and have some sympathies toward them. i think it's important to -- for the committee to understand that prior to coming to congress, i spent ten years on the north dakota commission and carried the pipeline portfolio when we cited the original keystone pipeline through north dakota, 217 miles, 600 land owners, green field. and yet that -- yet we cited is-t -- we cited it after the president's -- presidential permit was signed. we routed it after. that's common that the permit would be signed by the president prior to the routing actually taking place because routing takes place not just in a hearing in advance, but it takes place literally as you're building the pipeline oftentimes because you come across things you didn't know were there, that the geologists didn't know or that the archaeologists and so the routing of -- you know, of a
pipeline doesn't happen prior to the presidential approval. i want to make that point. i appreciate the gentleman's point about price and the issue of price at the pump. that said, oil -- first of all we have to understand that this is -- these arguments are built on a false premise that somehow the oil sands aren't going to be developed apart from the united states. whether they're developed or not is not our call. what is our call is are we going to approve a process of transporting it that benefits the united states workforce, the united states economy and, frankly, the environment? frankly, the environment. putting it on -- putting tar sands -- oil sands on barges and shipping it to china clearly has a greater negative impact on the climate and on greenhouse gas emissions than putting in a pipeline to the gulf coast. putting it on trains. has a lot of negative impacts.
trucks, many more. we've you studied this greatly in north dakota. from an environmental standpoint, it's better. with regard to the price of the oil, that is a compelling reason to approve more pipelines. the difference in moving oil by train versus a pipeline is a difference of $10. now, that -- you have that margin -- you have a little bit of wiggle room at $100 a barrel. you have none at $50 a barrel or $40 a barrel. the other thing we haven't talked about is one of the negotiated deals between the state of north dakota and montana in support of this process, 2301 days ago with trans-canada is that at least by rail. we have seen the challenges with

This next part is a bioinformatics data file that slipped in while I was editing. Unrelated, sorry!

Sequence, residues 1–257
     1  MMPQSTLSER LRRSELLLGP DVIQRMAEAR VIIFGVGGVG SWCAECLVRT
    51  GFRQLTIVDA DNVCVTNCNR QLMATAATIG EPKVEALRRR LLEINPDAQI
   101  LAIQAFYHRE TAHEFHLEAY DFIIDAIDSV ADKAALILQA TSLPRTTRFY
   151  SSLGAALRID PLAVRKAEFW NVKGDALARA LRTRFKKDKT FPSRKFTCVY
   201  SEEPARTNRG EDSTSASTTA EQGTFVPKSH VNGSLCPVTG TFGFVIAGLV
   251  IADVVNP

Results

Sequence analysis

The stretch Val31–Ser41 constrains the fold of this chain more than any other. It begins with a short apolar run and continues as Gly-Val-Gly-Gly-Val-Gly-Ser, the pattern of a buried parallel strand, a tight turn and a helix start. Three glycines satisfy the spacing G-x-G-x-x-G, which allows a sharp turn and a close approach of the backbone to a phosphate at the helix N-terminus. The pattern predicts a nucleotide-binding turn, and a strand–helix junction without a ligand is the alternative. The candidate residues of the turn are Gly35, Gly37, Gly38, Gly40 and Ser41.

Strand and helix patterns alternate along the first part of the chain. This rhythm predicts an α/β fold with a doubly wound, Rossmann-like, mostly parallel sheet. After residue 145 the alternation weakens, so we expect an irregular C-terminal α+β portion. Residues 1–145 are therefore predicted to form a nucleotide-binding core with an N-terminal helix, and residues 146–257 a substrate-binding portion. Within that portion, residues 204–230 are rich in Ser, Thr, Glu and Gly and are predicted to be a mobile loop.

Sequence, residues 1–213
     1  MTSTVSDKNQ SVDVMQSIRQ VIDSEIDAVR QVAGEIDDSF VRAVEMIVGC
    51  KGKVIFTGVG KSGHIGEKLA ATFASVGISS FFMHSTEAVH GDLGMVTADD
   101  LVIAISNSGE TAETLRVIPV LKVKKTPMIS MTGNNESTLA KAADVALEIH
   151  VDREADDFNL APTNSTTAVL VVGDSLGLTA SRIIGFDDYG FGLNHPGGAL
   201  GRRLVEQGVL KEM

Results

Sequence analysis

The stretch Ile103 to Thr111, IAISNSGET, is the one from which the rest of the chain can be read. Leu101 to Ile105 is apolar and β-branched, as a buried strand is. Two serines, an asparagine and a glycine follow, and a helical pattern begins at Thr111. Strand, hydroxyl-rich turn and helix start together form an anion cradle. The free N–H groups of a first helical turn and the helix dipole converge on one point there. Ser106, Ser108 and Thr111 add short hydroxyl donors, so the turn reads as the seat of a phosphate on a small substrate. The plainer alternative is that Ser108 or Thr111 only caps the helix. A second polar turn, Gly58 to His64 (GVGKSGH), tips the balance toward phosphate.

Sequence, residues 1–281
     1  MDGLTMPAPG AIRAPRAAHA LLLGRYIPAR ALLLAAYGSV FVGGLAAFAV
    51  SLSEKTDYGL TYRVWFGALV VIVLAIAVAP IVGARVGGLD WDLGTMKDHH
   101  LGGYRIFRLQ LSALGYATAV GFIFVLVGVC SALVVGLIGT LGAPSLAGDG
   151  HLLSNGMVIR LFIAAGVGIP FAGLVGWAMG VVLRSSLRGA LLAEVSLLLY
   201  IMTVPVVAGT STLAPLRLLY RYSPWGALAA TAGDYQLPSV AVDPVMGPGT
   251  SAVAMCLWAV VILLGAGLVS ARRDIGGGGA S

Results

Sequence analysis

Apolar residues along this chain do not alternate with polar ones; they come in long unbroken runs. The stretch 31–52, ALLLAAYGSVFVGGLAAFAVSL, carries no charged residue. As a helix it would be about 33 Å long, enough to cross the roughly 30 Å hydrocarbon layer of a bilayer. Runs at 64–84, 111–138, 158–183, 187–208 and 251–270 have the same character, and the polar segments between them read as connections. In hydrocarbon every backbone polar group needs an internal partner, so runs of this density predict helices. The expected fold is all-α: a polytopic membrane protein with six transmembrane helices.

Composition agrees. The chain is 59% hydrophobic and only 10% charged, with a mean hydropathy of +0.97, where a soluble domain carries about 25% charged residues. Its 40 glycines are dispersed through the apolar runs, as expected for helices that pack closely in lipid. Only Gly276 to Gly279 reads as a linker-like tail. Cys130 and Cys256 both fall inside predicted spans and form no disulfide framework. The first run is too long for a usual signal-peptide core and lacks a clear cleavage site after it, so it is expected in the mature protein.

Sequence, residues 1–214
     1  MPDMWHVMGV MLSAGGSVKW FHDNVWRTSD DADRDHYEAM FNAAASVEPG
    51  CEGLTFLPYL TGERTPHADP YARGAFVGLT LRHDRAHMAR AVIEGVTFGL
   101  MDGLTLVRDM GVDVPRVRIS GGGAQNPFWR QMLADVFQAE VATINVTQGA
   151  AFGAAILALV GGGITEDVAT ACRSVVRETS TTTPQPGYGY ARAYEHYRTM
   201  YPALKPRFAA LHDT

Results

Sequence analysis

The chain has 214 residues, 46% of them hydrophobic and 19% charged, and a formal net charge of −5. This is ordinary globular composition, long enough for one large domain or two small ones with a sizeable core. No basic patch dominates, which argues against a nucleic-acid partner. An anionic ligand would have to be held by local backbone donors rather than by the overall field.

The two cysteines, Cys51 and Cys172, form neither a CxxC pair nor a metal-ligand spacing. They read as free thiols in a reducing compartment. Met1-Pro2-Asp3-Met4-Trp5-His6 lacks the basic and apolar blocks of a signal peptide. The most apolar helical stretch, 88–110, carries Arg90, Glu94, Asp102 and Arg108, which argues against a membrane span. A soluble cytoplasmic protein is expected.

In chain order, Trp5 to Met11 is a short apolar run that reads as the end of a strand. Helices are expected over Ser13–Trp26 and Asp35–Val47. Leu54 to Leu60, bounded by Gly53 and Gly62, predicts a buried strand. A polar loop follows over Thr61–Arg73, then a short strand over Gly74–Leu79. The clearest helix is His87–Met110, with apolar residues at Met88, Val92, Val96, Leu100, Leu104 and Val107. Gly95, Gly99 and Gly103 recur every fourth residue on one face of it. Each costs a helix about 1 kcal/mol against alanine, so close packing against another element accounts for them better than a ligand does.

rail. all the above transportation. 71% is an inappropriate i think, imbalance. for those reasons, for president and congress, who know plenty about this issue. i appreciate the opportunity and encourage a good role that moves the bill forward expeditiously and gets it past hopefully yet this week. >> mr. kramer, thank you very much. we're all products of our environment, where we're from or our background. i remember when i was in high school and when we had the 1973
oil embargo. we were held hostage by people who had something that we not only wanted but needed. it was the life blood -- energy was the life blood of america back then. and i don't think we've gotten a long way from that yet. as much time and technology and opportunity that comes around we still need to have resources that are energy related. i remember when the big discussion was going on about alaska. and there are certainly people who said, oh, they're going to ruin everything about alaska. the caribou loved it by the way. the pipeline works. once you begin taking something out, perhaps you're into a diminishing circumstance. i think this is common sense for jobs. i think it's common sense for safety. i think it's common sense to
say, if we don't take our friends up on it somebody else is going to. we should quit giving so much money that we have to to some people we don't necessarily would -- how they would use that money. the canadians are dear friends of ours. they are loyal to the united states and i think this is a great new relationship that we would have with the canadians. i met with a member of their parliament lately a few weeks ago. he said, we want to stick with you because we think you're going to get this done. we think it's the right thing to do. mrs. foxx? >> thank you mr. chairman. i have no questions. >> gentlemenwoman yields her time back. >> thank you mr. chairman. let me ask you to put the administration policy in the record. >> no objection. >> let me quote from it. hr-3 conflicts with long-standing executive branch
procedures. complex issues that could bear on u.s. national interests, including serious security, safety and environmental and other ramifications. senior advisers would recommend he veto the bill. ask what will happen if this were to even pass in a nebraska court would then rule that it cannot be used -- will not be able to cross nebraska. >> sure. so nothing in this bill supercedes nebraska or any other jurisdiction. >> that would -- you need to go across nebraska? >> at some point just as the original keystone pipeline. i think it's an important point, important question, and frankly i wouldn't have the pipeline go through nebraska, where it's going through. i suggested a much more.